When people learn that I’m a Chaplain, I often hear, “Wow, it must be hard to be around death so much.” Often, they think Chaplains are Grim Reapers and represent gloom and death. Is it challenging and heartbreaking to be a Chaplain? Of course.
It is so much more though.
Being a Chaplain is having someone hold out a withered, crooked hand for you to hold and grab your heart in the process.
It is about raw emotion. The removal of the veil of “strength” we think everyone should wear. It is the moment when people demonstrate true strength, as they allow expression of emotions they’ve never known. Emotions they’ve always wanted to express but could not.
It is witnessing the courage to say “I’m afraid.”
It is watching a single tear, or flood of tears, pour from that part of the soul that loves deeply, and hurts even more.
It is allowing others to be other.
It is never saying “It will be okay” but always saying “It’s okay to feel what you feel, however you need to feel it, and on your own timeline.”
It is hearing countless stories of praise, celebration, and joy.
It is hearing words of anger, sadness, confusion, and chaos.
It is hearing people question God. Question everything.
It is being still. It is being quiet. It is being with others. Being with them.
It is not saying anything, because there is nothing to say, and that nothing is exactly what they need to hear.
It is loving people you don’t know.
It is being loved by people who don’t know you.
It is experiencing the most sacred moments.
Those moments where the heart and head don’t agree. Where the head may believe the loved one is receiving perfect life, yet the heart breaks into pieces, which never fit back together in the same way again.
It is literally watching this miraculous process take place, where people have this moment they’ve never had before. This moment that is filled with all moments they’ve ever had. All the memories they have with this person were made a moment at a time, spread over many years, yet you stand there and hear these memories come together all at once, and it is sacred. All this person has ever been and will ever be fills the room. I’m quite sure the essence of the person is being felt by all, and we are changed forever by this precious creation.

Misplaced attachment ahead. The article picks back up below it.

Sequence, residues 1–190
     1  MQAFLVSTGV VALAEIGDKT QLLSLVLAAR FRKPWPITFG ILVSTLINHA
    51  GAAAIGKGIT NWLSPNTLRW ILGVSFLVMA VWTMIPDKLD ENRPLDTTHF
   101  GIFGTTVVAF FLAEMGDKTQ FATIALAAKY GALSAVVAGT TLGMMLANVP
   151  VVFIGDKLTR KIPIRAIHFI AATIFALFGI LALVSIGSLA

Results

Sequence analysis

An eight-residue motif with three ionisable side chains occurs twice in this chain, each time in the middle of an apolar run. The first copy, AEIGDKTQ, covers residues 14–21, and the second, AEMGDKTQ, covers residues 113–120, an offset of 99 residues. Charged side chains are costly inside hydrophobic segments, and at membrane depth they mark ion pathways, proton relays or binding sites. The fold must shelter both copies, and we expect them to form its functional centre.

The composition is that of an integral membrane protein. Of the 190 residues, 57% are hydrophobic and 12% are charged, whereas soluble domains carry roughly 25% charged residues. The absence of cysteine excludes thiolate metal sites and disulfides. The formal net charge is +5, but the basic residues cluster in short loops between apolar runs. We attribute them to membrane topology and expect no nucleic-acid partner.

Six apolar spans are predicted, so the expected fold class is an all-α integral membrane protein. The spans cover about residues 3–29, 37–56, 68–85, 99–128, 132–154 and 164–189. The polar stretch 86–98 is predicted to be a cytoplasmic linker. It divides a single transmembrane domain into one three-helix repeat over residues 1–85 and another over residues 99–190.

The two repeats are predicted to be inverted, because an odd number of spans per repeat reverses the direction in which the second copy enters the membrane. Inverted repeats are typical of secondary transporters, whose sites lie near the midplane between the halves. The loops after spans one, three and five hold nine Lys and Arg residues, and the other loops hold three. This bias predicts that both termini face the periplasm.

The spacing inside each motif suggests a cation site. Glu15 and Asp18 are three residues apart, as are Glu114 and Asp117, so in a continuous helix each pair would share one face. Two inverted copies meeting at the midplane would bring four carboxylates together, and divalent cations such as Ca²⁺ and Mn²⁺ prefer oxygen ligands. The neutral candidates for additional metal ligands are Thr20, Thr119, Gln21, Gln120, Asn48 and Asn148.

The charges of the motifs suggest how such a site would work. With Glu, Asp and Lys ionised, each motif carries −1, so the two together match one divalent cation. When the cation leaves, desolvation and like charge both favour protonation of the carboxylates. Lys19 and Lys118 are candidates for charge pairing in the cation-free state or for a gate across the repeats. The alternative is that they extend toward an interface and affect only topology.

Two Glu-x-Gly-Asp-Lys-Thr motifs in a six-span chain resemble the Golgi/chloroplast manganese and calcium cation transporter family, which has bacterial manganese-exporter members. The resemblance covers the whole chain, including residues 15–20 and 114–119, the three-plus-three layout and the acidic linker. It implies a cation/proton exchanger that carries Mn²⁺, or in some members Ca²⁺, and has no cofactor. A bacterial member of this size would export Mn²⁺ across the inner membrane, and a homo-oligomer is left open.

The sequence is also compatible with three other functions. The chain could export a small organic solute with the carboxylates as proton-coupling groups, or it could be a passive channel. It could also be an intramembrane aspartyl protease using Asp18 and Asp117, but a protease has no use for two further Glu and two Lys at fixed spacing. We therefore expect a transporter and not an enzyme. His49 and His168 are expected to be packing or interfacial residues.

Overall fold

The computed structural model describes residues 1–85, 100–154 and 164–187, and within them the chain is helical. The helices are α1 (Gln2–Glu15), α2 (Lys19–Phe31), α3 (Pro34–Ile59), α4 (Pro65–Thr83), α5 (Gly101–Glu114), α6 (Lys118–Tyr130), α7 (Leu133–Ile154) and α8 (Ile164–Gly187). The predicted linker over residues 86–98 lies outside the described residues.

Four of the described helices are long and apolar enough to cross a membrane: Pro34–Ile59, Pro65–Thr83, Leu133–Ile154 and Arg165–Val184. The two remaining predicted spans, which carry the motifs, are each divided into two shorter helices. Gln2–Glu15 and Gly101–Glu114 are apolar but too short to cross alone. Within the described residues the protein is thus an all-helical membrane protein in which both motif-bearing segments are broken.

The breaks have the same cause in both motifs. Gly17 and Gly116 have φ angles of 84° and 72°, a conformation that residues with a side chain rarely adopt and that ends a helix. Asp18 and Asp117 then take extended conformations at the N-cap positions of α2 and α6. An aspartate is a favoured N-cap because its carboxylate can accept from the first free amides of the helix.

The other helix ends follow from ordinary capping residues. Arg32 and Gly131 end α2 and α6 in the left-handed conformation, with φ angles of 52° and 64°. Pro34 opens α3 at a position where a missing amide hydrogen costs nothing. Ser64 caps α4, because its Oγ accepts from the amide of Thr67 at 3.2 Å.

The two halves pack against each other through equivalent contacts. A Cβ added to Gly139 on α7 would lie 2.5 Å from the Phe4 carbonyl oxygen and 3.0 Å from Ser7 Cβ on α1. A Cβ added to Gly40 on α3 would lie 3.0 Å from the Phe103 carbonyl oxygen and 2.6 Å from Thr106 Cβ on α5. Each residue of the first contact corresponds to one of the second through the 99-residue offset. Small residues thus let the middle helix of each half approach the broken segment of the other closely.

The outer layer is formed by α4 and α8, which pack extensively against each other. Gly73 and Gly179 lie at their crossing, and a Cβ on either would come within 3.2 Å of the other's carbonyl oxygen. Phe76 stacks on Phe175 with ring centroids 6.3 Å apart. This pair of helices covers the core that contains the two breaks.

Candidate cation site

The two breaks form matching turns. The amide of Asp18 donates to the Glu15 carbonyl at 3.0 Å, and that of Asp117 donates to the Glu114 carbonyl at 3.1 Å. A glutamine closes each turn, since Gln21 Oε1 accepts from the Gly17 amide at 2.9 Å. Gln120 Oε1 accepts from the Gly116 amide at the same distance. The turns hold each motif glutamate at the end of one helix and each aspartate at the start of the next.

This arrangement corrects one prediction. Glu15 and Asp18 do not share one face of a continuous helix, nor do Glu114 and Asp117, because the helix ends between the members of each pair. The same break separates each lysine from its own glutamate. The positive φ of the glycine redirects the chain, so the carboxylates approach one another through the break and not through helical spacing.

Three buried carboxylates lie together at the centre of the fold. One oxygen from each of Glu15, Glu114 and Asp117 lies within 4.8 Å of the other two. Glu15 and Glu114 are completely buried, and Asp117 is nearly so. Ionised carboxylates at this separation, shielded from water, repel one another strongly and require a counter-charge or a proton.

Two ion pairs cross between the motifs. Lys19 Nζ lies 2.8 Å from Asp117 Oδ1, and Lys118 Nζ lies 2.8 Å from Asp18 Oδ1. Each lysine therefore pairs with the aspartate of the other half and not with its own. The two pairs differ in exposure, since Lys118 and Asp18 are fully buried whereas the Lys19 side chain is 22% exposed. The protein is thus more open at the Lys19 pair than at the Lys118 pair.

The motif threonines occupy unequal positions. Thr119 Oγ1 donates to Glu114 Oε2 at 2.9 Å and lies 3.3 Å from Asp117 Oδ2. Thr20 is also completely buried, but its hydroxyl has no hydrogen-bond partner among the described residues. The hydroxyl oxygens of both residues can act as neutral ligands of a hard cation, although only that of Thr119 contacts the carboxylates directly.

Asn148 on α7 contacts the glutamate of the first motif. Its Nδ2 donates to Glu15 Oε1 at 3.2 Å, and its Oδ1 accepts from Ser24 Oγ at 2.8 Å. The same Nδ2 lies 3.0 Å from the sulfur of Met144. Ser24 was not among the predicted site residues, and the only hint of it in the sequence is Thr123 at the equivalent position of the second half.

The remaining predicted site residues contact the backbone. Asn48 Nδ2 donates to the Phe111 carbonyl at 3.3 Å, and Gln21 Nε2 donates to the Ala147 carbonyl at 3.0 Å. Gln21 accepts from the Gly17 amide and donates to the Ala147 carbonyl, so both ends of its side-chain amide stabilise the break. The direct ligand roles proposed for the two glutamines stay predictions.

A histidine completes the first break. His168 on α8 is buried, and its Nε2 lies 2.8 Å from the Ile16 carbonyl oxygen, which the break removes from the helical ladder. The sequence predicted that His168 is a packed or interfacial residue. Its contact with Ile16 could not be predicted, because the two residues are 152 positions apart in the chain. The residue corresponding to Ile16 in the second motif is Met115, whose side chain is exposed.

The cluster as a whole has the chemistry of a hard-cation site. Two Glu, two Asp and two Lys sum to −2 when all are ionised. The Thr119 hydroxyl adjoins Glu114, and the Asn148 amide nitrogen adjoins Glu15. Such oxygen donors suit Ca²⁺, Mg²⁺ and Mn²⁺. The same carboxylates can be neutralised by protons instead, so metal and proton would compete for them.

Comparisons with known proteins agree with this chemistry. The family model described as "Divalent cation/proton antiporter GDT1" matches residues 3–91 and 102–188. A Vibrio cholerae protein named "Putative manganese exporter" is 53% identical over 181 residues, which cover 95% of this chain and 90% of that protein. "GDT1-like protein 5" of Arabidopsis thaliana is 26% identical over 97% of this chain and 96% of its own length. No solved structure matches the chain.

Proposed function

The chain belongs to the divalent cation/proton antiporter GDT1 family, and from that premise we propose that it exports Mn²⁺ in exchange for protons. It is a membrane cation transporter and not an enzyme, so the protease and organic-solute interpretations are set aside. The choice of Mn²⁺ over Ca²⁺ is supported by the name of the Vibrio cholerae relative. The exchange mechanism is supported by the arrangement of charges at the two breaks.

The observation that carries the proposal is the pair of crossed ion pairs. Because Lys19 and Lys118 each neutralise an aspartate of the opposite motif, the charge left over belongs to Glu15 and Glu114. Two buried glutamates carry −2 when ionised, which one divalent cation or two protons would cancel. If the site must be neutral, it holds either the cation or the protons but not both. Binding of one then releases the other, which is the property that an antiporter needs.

So, when people ask how I do it. How I am able to be around death? It is not the death I am around as much as the Kaleidoscope that I experience. According to our friend Wiki, A kaleidoscope is a cylinder with mirrors containing loose, colored objects such as beads or pebbles and bits of glass. As the viewer looks into one end, light entering the other end creates a colorful pattern, due to the reflection off the mirrors. Coined in 1817 by Scottish inventor Sir David Brewster, “kaleidoscope” is derived from the Ancient Greek καλός (kalos), “beautiful, beauty”, εἶδος(eidos), “that which is seen: form, shape” and σκοπέω (skopeō), “to look to, to examine”, hence “observation of beautiful forms.”
These precious people that allow me into these sacred moments are Kaleidoscopes; they are beautiful, beauty, forms of unique and precious treasure; one being made up of many bits of mirrors reflecting all the loved ones standing around them and each specific memory. They are the light that shines through these bits to make a pattern that is colored with unique hues of this person.
Don’t feel you ever have to thank a Chaplain. Chaplains don’t need thanks. We say…I say…thank you. Thank you for allowing me to experience your unique beauty…your Kaleidoscope.
If you think you were my inspiration for this, you are probably right.
Kim Crawford 12.22.15